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Assault on America, Day 50: Is Bernie Sanders the wave of America’s future?

Bernie Sanders
“Feel the Bern 2020, a crystal-clear vision of America’s socialist future!”

Oh wait, maybe not. You see, the “revolution” that was novel and kind of quirky-interesting in 2016 will be crusty and stale by 2020. Bernie Sanders run for president…again? Didn’t he learn his lesson against Hillary? After America witnessed the utter primary insanity in the last cycle and then suffers through what promises to be an even crazier intra-party kook-fest next year, Sanders will fade into the background like the shadow off a gravestone. By then he’ll have been supplanted by younger and nuttier and more electable Democrats atop the liberal food chain.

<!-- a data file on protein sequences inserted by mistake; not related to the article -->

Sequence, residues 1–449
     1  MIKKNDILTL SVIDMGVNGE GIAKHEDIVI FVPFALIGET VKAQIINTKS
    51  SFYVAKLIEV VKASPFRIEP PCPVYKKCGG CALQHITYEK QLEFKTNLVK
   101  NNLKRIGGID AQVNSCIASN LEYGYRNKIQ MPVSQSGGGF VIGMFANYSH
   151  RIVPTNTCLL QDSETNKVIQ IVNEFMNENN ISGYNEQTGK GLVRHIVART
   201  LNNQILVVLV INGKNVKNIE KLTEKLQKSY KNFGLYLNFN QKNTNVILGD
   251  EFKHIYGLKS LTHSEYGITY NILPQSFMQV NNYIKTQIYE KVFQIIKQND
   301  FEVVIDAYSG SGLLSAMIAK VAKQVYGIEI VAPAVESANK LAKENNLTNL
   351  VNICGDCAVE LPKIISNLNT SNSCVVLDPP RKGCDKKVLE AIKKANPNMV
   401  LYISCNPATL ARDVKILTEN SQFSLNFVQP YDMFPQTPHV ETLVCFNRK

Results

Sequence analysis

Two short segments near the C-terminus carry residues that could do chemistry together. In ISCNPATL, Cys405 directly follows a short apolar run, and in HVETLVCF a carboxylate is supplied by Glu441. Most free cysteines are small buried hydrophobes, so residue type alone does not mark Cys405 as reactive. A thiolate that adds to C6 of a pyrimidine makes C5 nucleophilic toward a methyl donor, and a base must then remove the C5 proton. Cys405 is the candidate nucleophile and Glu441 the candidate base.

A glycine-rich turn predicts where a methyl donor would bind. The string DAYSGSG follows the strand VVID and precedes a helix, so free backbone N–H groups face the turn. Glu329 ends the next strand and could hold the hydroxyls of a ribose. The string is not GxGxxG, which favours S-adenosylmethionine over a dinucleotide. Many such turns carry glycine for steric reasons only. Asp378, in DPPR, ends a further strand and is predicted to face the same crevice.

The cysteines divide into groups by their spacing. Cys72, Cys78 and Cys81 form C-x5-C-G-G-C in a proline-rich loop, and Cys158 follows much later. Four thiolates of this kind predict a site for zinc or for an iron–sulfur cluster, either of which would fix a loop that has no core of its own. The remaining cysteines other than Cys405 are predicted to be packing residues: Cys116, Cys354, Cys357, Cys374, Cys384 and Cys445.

Everyone figured Bernie (one of a few politicians to ever achieve lasting political stardom using only his first name, perhaps equaling Hillary! (Clinton) or Jeb! Bush) would give it another go four years after coming so close, but when Sanders officially launched the other day it was still a little jolting.

Max Greenwood reported the dumbfounding news at The Hill, “Sen. Bernie Sanders (I-Vt.) announced on Tuesday that he was jumping into the 2020 presidential race, putting to rest months of speculation over whether he would once again seek the Democratic nomination after an unsuccessful bid in 2016.

“’I wanted to let the people of the state of Vermont know about this first,’ Sanders said during an interview on Vermont Public radio. ‘And what I promise to do is, as I go around the country, is to take the values that all of us in Vermont are proud of — a belief in justice, in community, in grassroots politics, in town meetings — that's what I'm going to carry all over this country.’

“’We began the political revolution in the 2016 campaign, and now it's time to move that revolution forward,’ Sanders added.”